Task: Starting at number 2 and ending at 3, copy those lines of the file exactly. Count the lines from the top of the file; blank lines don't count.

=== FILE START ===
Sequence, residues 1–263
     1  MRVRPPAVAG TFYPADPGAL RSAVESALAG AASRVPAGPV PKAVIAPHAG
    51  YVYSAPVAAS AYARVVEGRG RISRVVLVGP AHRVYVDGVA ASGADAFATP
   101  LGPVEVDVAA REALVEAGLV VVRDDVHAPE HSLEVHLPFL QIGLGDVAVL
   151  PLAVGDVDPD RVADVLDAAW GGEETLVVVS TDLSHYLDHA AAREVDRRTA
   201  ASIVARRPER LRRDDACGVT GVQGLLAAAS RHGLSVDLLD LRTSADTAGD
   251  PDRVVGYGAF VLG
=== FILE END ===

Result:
     1  MRVRPPAVAG TFYPADPGAL RSAVESALAG AASRVPAGPV PKAVIAPHAG
    51  YVYSAPVAAS AYARVVEGRG RISRVVLVGP AHRVYVDGVA ASGADAFATP